Forecasters who see any measure of merit in recent history can make a confident case for Rask to repeat his title. Since 2008-09, Boston’s system has doubtlessly helped him and Tim Thomas claim a combined three of the last six Vezinas.
In another one of those years, Rask turned in an NHL-best 1.97 goals-against average over 45 appearances as a rookie. Playing three-quarters of the lockout-shortened 2012-13 regular season, he coupled a 2.00 GAA with a .929 save percentage.
Based on that trend alone, rightly or wrongly, other contenders will likely need to bump him aside by force. Innumerable outside elements will need to coalesce to convince the league’s general managers not to at least file him under the three finalists.
En route to last year’s Vezina victory, Rask struck off a succession of residual doubts from previous years. With a game log of 58, he proved he could hold up as a bona fide starter for a full-length NHL season.
What’s more is that he did it on the heels of a run to the 2013 Stanley Cup Final and a resultant short summer. He even threw in an overseas Olympic excursion, seizing the starter’s position in a deep pool of Finnish netminders.
Even if fellow finalist Semyon Varlamov was a worthier 2014 Vezina recipient (and one could easily make that case), Rask more than cemented his elite persona. The 27-year-old is now in the neighborhood of Henrik Lundqvist and Jonathan Quick among NHL stoppers who are the best when everyone is on top of their game.
The most recent Stanley Cup Final, in which Quick’s Kings vanquished Lundqvist’s Rangers, replenished that notion. The 2012 Conn Smythe and 2012 Vezina recipients played no small part in their clubs' respective runs.
None other than Rask has proved that post-Cup or post-finals hangover need not dock a goalie’s performance the next season. In turn, Lundqvist and Quick each deserve a slot among the preseason favorites for hardware in 2015.
Elsewhere, rival Carey Price has a belated foundation to build upon. Montreal’s 27-year-old, seven-season veteran is coming off a career campaign with a 2.32 GAA and .927 save percentage. Not unlike Rask, he punctuated that run with a stellar Olympic performance, bolstering Canada’s gold-medal run.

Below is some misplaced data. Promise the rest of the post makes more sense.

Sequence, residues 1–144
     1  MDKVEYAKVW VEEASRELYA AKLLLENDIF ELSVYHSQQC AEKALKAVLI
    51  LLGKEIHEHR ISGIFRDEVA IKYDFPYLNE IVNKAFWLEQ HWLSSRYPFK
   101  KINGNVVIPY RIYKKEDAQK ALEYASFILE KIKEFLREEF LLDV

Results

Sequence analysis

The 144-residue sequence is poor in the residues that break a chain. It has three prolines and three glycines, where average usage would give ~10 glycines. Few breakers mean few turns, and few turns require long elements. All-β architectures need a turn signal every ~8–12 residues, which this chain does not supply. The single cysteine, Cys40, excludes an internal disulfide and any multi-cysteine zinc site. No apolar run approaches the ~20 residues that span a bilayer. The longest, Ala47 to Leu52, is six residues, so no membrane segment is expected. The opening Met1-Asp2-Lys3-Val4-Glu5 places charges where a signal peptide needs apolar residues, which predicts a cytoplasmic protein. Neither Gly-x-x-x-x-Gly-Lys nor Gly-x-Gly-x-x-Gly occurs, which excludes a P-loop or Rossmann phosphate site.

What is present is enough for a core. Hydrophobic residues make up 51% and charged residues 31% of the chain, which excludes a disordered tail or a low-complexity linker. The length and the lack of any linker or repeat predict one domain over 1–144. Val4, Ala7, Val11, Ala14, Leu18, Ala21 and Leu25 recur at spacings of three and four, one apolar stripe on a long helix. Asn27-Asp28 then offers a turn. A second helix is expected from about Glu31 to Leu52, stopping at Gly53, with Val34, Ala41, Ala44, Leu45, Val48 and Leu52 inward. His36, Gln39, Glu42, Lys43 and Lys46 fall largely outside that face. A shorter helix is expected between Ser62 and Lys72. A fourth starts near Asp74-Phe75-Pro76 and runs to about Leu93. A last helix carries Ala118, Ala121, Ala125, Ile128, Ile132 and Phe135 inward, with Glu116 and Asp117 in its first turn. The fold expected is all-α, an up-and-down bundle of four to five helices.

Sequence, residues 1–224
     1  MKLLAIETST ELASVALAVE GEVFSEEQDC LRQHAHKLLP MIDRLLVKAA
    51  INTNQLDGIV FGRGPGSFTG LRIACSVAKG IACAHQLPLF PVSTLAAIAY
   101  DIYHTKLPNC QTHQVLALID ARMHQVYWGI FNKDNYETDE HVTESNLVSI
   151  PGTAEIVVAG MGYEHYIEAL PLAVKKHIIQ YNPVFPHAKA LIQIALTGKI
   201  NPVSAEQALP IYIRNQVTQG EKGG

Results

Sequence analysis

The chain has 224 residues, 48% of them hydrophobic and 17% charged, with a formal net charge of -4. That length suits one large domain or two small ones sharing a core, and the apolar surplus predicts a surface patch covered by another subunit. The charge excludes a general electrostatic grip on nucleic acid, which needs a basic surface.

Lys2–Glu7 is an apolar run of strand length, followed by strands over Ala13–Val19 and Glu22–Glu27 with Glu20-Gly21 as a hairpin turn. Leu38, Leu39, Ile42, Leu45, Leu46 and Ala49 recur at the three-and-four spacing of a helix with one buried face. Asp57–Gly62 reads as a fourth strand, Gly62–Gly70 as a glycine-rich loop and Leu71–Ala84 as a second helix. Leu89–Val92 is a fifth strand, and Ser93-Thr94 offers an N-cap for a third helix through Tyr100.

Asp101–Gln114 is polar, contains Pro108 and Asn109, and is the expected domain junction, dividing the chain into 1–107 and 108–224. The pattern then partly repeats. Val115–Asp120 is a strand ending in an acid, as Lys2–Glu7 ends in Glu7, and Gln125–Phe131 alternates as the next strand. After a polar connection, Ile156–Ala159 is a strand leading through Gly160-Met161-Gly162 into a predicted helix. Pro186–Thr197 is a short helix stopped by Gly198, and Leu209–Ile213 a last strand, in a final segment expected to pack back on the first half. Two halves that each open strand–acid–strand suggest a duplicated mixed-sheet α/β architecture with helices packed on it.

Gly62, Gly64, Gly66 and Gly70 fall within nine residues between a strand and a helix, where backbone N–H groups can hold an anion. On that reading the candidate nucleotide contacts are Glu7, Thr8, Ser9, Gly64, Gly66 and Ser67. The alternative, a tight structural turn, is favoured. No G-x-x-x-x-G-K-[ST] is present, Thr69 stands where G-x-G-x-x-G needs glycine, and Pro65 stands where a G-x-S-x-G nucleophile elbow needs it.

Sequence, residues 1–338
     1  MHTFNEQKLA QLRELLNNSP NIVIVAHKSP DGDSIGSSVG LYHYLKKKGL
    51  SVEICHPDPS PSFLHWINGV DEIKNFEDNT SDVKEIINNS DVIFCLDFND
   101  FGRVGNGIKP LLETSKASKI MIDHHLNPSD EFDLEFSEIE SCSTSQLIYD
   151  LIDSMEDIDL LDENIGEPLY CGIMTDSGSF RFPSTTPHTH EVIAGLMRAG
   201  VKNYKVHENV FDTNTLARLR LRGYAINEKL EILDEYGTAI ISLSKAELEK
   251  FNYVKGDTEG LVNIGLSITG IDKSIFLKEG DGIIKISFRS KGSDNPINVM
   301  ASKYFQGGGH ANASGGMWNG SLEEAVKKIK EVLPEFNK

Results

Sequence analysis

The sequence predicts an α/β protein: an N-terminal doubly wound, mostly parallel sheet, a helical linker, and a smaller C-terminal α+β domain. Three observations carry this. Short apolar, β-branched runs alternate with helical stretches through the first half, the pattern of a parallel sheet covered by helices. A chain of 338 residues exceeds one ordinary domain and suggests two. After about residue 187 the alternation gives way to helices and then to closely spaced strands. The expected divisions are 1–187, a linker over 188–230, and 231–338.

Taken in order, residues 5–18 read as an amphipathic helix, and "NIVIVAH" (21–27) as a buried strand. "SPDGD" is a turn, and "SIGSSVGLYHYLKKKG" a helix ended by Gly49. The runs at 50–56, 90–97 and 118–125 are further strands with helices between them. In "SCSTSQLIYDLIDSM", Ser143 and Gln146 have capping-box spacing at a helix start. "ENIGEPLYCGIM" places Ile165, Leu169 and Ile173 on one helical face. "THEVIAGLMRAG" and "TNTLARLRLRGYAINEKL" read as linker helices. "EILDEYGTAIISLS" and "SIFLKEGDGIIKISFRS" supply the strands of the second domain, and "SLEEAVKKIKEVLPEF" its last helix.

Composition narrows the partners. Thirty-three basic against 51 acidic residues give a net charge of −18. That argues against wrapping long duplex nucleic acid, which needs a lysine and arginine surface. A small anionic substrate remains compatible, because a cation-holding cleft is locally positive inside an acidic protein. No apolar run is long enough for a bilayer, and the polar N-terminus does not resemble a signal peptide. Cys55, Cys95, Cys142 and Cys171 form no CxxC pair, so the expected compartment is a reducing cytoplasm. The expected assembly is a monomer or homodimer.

If not for an injury that he presumably suffered in Sochi and which kept him out until March 15, Price’s performance might have radiated more. The 2014-15 season will be his shot at a more complete, consistent campaign to solidify his arrival in the top tier.
Naturally, none of this accounts for the ever-present possibility of a one-off contender or genuinely elevated bigwig crashing the scene. But those are virtually impossible to predict.
One internal element Bruins followers can predict is a quantitative and qualitative upgrade to the defensive corps in front of Rask.
Recall that Boston lacked the services of Dennis Seidenberg for the balance of 2013-14 after he went down with an ACL ailment on Dec. 28. Within three weeks of that misfortune, the injury-prone Adam McQuaid endured his own season-ending wound.
Although there was room for widespread credit when the club compensated for those deletions, the circumstances doubtlessly favored into the Vezina vote. One could say the same about Zdeno Chara’s status as a Norris finalist and Patrice Bergeron’s Selke victory.
As Caryn Switaj of the team’s website has repeatedly reported, Seidenberg is raring to return in top form. He has had an uninterrupted string of eight-plus months to recover and replenish his persona as a dependable stay-at-home veteran.
Assuming the worst is behind him, the only question surrounding Seidenberg’s return will be everyone else’s ability to ward off complacency. The youthful likes of Dougie Hamilton, Torey Krug and Kevan Miller will still have their own expectations.
The team aspect of Boston’s defense should not precipitate a drastic change in Rask’s statistics. The key question is how much the general managers take the upper layers into account when their Vezina ballots arrive.
Their recent track record suggests they will not automatically look past those factors.
In 2013-14, Rask was first in save percentage among those with at least 30 appearances. He was second in GAA among those with that many appearances (first among those with more than 45).
Similarly, in 2012-13, he tied eventual Vezina victor Sergei Bobrovsky under the GAA heading among goalies who played at least three-quarters of the 48-game schedule. His .929 save percentage that year was good for third overall and second only to Bobrovsky among those who played more than half the season.
Yet whereas he won it all this past June, he was not among the three finalists for the goaltending royalty laurel the year prior.
Because nothing is likely to change overnight, Rask’s chances to repeat his title in 2014-15 span the range of the previous two seasons. It would not be a shocker if he does repeat, but the same will hold true if he finishes one rung shy of the finalists.
For all he has proven, he is not quite the NHL’s No. 1 netminder on a perennial basis. Therefore, back-to-back Vezinas is an overreaching proposition until he proves otherwise.
A top-three finish is the most logical expectation, though, as Rask has every team-oriented reason not to let his performance taper off. While he has verified his qualifications for the top echelon of his position, he and his skating mates still have too much of a purpose.
Unless otherwise indicated, all statistics for this report were found via NHL.com.